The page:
<< Back to Chemical Sampling Information
Synonyms: diethylaminoethane; N,N-diethylaminoethane; TEA
OSHA IMIS Code Number: 2480
Chemical Abstracts Service (CAS) Registry Number: 121-44-8
NIOSH Registry of Toxic Effects of Chemical Substances (RTECS) Identification Number: YE0175000
Department of Transportation Regulation Number (49 CFR 172.101) and Guide: 1296 132
NIOSH Pocket Guide to Chemical Hazards, Triethylamine: chemical description, physical properties, potentially hazardous incompatibilities, and more
OSHA Permissible Exposure Limit (PEL):
General Industry: 29 CFR 1910.1000 Z-1 Table -- 25 ppm, 100 mg/m3 TWA
Construction Industry: 29 CFR 1926.55 Appendix A -- 25 ppm, 100 mg/m3 TWA
Maritime: 29 CFR 1915.1000 Table Z-Shipyards -- 25 ppm, 100 mg/m3 TWA
American Conference of Governmental Industrial Hygienists (ACGIH) Threshold Limit Value (TLV): 1 ppm, 4.1 mg/m3 TWA; 3 ppm, 12.4 mg/m3 STEL; Skin; Appendix A4 - Not Classifiable as a Human Carcinogen
National Institute for Occupational Safety and Health (NIOSH) Recommended Exposure Limit (REL): Appendix D - Substances With No Established RELs
NIOSH Immediately Dangerous To Life or Health Concentration (IDLH): 200 ppm
Potential Symptoms: Irritation of eyes, skin, respiratory system; mild headache, dizziness, weakness, nausea; cough, sore throat, shortness of breath, pulmonary edema (may be delayed); redness, pain, burns in skin and eyes; in animals: myocardial, kidney, liver damage; INGES. ACUTE: Abdominal pain, burning sensation; collapse or shock.
Health Effects: Irritation-Eye, Nose, Throat, Skin---Marked (HE14); Lung edema (HE11); Corneal damage (HE3).
Affected Organs: Eyes, skin, respiratory system, cardiovascular system, liver, kidneys
Date Last Revised: 05/03/2006
- Vapor/air mixtures of triethylamine may be explosive.
- In human volunteers, a 4-hour exposure to 1.6 ppm caused blurred vision (glaucopsia) and a decrease in contrast sensitivity in some subjects, whereas a 4-hr exposure to 0.7 ppm was reported to have no significant effect on vision.
- The pharmacokinetics of triethylamine and its major metabolite, triethylamine-N-oxide have been studied after inhalational, oral and intravenous administration to human volunteers. Both are eliminated in the urine, with mean half-lives in the range of 2.8 to 3.7 hours.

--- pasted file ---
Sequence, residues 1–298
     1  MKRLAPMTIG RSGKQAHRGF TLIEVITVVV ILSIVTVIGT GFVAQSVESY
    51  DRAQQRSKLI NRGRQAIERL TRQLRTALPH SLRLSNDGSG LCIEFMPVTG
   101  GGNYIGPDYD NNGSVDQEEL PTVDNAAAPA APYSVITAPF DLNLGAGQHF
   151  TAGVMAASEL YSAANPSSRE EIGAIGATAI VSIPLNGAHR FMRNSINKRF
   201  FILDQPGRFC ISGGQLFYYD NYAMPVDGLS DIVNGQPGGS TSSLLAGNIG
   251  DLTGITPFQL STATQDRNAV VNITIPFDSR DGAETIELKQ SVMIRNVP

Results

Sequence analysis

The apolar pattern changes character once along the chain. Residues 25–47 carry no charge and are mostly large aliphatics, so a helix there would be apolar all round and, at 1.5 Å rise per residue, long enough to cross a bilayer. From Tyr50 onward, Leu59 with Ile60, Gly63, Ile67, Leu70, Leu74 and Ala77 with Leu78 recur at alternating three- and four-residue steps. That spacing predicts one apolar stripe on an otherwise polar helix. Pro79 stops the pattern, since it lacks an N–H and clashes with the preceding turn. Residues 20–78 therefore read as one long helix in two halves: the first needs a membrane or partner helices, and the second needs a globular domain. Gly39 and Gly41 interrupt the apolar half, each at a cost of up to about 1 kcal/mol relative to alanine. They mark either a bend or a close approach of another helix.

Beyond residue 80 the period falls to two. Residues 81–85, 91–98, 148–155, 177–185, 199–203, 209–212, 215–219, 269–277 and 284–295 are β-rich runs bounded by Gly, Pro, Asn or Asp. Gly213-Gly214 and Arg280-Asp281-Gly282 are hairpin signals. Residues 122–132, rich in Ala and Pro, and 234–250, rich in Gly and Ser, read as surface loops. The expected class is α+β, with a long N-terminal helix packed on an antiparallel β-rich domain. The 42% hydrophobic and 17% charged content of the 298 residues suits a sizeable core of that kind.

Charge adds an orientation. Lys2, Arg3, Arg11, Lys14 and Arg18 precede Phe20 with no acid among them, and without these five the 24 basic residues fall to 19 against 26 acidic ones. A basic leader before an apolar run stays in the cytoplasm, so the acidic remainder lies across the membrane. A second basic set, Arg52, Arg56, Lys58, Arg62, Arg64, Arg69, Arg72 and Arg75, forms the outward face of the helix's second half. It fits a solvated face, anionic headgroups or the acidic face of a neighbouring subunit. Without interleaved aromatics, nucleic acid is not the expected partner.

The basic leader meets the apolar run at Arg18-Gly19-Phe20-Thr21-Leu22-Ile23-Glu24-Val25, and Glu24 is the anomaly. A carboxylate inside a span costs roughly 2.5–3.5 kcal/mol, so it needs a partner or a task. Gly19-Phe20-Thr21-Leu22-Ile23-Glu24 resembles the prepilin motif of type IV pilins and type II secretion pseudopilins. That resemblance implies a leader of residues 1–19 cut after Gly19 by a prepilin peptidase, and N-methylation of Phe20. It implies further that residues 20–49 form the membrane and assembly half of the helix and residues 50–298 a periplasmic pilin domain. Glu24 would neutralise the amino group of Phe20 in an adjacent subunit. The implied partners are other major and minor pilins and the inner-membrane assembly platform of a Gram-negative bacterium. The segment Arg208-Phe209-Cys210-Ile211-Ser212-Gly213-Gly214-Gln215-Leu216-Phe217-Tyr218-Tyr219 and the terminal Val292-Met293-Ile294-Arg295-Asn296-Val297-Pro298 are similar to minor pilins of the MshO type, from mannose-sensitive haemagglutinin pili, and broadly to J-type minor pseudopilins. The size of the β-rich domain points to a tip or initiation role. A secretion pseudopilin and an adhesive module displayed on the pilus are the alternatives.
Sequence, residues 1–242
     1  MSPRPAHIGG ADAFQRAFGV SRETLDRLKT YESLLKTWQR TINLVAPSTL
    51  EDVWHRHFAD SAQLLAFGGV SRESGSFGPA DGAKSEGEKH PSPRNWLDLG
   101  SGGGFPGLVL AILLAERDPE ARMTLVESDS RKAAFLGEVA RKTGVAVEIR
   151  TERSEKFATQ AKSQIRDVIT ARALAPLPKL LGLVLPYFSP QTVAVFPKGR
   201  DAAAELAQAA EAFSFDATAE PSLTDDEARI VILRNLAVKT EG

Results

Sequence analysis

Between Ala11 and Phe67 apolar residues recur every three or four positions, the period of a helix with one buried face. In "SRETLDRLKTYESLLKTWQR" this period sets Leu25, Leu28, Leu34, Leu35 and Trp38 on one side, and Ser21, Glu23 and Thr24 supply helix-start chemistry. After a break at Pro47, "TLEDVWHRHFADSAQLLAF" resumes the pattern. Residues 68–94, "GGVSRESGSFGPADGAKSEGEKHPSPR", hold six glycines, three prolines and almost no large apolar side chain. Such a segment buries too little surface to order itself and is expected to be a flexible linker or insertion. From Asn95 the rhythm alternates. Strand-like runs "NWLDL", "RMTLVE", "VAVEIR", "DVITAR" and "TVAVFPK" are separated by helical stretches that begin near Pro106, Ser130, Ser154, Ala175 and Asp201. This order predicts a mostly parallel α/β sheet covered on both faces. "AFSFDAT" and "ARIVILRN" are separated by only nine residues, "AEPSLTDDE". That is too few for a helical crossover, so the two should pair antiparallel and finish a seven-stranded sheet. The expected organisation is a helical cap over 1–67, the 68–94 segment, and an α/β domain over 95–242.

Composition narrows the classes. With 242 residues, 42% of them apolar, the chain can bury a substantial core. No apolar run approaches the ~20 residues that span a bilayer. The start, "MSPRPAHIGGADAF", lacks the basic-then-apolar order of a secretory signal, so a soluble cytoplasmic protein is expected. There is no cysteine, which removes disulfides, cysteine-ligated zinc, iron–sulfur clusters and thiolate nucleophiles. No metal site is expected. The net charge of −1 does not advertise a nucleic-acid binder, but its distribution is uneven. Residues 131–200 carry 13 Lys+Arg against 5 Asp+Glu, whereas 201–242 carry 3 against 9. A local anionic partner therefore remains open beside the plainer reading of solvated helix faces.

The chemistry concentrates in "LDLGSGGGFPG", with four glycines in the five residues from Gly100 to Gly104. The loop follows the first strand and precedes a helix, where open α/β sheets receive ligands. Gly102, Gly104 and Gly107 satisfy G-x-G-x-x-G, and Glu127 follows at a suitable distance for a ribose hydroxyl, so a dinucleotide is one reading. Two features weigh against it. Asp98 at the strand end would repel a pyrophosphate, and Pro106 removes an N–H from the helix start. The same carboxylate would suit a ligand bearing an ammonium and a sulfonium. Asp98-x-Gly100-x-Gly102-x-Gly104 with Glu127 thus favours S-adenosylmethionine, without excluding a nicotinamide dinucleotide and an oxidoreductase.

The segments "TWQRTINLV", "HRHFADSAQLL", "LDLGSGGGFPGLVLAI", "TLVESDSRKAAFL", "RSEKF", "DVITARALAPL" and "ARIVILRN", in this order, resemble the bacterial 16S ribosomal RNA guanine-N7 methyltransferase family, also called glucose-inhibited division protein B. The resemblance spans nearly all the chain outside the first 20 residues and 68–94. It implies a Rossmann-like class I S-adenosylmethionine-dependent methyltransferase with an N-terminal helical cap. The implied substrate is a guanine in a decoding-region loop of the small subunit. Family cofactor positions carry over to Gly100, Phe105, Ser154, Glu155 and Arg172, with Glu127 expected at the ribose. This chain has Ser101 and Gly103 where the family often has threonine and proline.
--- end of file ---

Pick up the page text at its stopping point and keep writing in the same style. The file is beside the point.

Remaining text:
- NIOSH Pocket Guide to Chemical Hazards: Triethylamine.
- International Chemical Safety Cards (WHO/IPCS/ILO): Triethylamine.
- Åkesson, B., Skerfving, S. and Mattiasson, L.: Experimental study on the metabolism of triethylamine in man. Br. J. Ind. Med.. 45(4): 262-268, 1988.
- Åkesson, B., Vinge, E. and Skerfving, S.: Pharmacokinetics of triethylamine and triethylamine-n-oxide in man. Toxicol. Appl. Pharmacol. 100(3): 529-538, 1989.
- Ballantyne, B.: Glaucopsia: an occupational ophthalmic hazard. Toxicol. Rev. 23(2): 83-90, 2004.
- Järvinen, P.: Headache and blood pressure among triethylamine-exposed foundry workers. Occup. Med. (Lond.) 48(2): 113-117, 1998.
- Järvinen, P., Engström, K., Riihimäki, V., Ruusuvaara, P. and Setälä, K.: Effects of experimental exposure to triethylamine on vision and the eyes. Occup. Environ. Med. 56(1): 1-5, 1999.
- Pohanish, R.P. (editor): Triethylamine. In, Sittig’s Handbook of Toxic and Hazardous Chemicals and Carcinogens, Fourth Ed., Vol. 2. Norwich, NY: Noyes Publications, William Andrew Publishing, 2002, pp. 2267-2269.
Primary Laboratory Sampling/Analytical Method (SLC1):
- sampling media: Coated XAD-7 Tube (80/40 mg sections) Coating is 10% Phosphoric Acid.
analytical solvent: (50:50) Methanol:Deionized Water
maximum volume: 20 Liters
maximum flow rate: 0.2 L/min
current analytical method: Gas Chromatography; GC/FID
method reference: OSHA Analytical Method (OSHA PV2060)
method classification: Partially Validated
** All Trademarks are the property of their respective owners.